ROCKY MOUNT, N.C.—When Hurricane Floyd dumped as much as 2 feet of rain on eastern North Carolina in mid-September, Rocky Mount Tire and Auto Service Inc. was one of hundreds of businesses forced to close due to flooding. "Everything just floated around," said Fred Horns, co-owner with Harold Truelove of the independent Goodyear dealership. The showroom and shop area were covered with 6 feet of water, Mr. Horns said, and there were tires all over the place.
Shop equipment, furniture, computers, files and five vehicles were destroyed, Mr. Horns said. To make matters worse, three large drums of used oil awaiting disposal spilled during the flood and deposited a slick coating on everything as the water receded.
Mr. Horns credits dedicated employees, loyal customers and patient creditors with having a hand in Rocky Mount Tire's quick recovery. The dealership reopened Oct. 11, just four weeks after the flood.
Mr. Horns had special praise for his employees, who volunteered to spend 12-hour days, seven days a week cleaning and rebuilding Rocky Mount Tire. "It was really due to their efforts that we reopened as quickly as we did," he said.
Mr. Horns said North Carolina has a system that allowed him to sign his employees up for four weeks of unemployment benefits quickly via the Internet. He did that right after the flood.
He said 15 of his 16 employees—one employee's home was damaged in the flooding—worked as "volunteers" to clean up the dealership.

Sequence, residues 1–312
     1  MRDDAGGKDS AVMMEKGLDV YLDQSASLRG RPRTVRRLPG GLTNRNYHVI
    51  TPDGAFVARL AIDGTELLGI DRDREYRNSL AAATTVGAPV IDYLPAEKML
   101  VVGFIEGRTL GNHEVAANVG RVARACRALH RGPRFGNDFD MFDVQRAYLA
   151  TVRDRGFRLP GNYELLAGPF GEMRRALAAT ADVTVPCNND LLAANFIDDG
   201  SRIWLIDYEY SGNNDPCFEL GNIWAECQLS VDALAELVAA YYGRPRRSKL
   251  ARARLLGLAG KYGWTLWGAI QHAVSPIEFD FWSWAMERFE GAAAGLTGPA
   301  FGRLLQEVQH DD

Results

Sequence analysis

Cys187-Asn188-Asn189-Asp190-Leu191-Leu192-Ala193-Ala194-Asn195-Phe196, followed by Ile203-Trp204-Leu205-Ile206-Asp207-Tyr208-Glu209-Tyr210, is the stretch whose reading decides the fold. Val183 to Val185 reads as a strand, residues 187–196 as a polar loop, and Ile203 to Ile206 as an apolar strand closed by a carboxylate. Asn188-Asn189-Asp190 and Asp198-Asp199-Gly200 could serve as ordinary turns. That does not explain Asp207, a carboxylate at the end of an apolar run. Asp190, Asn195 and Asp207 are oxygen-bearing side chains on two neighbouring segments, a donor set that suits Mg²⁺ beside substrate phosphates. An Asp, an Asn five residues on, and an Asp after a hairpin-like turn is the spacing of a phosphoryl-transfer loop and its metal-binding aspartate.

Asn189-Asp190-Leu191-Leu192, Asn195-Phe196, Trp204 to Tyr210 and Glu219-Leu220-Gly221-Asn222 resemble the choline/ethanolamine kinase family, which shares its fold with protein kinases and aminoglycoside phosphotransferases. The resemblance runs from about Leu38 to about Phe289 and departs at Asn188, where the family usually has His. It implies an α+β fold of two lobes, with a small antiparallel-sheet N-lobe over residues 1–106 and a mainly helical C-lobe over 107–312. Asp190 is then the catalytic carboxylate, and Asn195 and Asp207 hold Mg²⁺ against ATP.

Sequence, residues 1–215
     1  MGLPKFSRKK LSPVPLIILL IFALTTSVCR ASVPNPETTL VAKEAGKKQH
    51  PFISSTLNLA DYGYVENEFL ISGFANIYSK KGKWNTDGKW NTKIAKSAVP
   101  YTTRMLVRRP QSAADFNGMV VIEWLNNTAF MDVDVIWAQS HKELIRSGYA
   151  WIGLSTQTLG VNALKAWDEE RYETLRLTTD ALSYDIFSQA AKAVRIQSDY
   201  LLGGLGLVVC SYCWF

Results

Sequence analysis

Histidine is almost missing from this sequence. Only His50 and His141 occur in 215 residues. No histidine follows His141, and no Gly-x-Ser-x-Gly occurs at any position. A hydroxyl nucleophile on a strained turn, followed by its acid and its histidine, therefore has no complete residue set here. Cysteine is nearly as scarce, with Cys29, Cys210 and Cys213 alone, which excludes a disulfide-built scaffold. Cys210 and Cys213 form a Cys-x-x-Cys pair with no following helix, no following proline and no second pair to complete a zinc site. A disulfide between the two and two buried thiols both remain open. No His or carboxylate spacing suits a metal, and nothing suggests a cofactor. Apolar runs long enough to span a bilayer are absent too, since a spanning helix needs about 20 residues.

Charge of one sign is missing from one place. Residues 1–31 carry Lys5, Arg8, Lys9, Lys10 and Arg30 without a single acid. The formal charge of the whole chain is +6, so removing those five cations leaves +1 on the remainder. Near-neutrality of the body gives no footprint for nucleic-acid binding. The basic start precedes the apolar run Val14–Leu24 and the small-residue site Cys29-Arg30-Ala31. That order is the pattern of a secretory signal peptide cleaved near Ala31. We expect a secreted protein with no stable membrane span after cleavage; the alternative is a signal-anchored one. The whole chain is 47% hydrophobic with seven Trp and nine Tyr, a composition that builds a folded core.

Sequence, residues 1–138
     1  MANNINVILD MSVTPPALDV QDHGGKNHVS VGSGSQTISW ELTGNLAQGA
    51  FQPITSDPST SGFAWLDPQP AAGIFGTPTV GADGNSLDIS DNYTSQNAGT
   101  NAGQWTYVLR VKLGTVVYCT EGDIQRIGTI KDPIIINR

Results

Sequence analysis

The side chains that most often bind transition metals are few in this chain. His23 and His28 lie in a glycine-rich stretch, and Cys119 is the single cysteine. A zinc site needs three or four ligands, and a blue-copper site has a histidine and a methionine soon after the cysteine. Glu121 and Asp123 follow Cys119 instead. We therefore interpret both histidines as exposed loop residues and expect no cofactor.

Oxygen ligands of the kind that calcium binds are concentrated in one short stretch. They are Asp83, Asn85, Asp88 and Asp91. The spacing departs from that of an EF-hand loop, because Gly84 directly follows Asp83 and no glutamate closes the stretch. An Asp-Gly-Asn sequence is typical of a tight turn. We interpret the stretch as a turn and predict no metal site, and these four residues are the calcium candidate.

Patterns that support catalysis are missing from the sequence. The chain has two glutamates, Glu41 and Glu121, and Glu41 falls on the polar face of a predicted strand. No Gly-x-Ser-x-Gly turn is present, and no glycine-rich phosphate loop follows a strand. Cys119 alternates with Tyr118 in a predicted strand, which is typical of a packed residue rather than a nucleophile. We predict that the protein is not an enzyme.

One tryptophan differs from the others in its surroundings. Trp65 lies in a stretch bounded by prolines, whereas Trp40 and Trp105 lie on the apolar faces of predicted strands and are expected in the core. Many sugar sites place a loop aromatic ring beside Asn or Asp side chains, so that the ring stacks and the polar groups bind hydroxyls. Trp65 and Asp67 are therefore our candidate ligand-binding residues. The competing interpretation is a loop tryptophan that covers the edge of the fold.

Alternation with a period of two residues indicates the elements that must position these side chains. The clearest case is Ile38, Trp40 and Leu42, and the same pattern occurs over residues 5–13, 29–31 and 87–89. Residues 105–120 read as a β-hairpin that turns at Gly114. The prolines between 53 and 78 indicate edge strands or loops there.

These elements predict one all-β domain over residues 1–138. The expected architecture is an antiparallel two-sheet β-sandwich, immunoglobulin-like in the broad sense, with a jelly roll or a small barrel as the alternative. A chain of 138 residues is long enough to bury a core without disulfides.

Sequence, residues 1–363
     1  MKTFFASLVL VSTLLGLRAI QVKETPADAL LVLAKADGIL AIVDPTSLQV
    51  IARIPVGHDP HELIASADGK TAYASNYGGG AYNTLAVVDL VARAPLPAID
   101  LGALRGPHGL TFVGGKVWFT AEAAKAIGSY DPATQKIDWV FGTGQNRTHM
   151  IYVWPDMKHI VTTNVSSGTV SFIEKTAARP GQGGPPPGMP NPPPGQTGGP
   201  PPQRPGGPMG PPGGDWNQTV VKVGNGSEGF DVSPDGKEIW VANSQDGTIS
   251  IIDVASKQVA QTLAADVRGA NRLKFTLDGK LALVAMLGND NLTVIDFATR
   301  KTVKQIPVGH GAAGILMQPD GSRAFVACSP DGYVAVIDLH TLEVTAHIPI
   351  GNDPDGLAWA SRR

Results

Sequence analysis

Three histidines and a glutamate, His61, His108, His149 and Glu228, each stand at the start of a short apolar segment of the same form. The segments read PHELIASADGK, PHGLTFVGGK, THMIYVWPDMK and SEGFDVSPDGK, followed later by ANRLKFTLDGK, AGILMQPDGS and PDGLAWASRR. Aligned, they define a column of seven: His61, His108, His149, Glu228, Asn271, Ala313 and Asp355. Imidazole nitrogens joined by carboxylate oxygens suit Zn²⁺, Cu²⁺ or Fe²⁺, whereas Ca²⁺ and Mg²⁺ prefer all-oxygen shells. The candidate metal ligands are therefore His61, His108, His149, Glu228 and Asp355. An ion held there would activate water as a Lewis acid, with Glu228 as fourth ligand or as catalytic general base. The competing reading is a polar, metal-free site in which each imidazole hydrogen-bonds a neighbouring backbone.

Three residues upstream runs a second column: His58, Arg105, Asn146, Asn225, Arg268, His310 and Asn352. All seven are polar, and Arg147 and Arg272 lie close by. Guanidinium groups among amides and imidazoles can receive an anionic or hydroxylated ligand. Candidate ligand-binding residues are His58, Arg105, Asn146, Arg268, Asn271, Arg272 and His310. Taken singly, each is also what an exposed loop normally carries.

Mr. Horns also gives credit to government agencies that helped him rebuild, since the dealership didn't carry flood insurance. Mr. Horns said he received $300,000 in disaster relief loans from the U.S. Small Business Administration—$200,000 to replace destroyed equipment and $100,000 for economic loss.
He also applied to a new state program called Business Advance Payment (BAP) that provided interest-free $10,000 loans to help businesses start up quickly after the hurricane.
Rocky Mount Tire was the first company to be approved for the BAP program. Mr. Horns and Mr. Truelove accepted the check from Gov. Jim Hunt the day the dealership reopened.
"My partner and I were wondering how we were going to advertise our reopening," Mr. Horns said. "It was wonderful."
The check presentation drew a crowd of 200 and received statewide media coverage. Rocky Mount Tire's employees appeared on TV and talked about helping save the dealership, and Mr. Horns said that drew new customers, who were impressed by his workers' comments. Many regular customers told him they waited until his dealership reopened to have service done.
The funds from the SBA were released on Nov. 15, Mr. Horns said, and he immediately wrote about $200,000 in checks to pay for replacement equipment and repairs. "All but a couple of creditors were cooperative," he said of the more than 50 vendors who had waited to be paid until the business was back in operation.
He also praised his Goodyear rep and the expedited replacement of sales counters and other point-of-sale material destroyed in the flood.
Rocky Mount Tire's business has returned to pre-flood levels, Mr. Horns said, and November's sales were slightly ahead of last year. "We have kind of jumped right back in there," he said.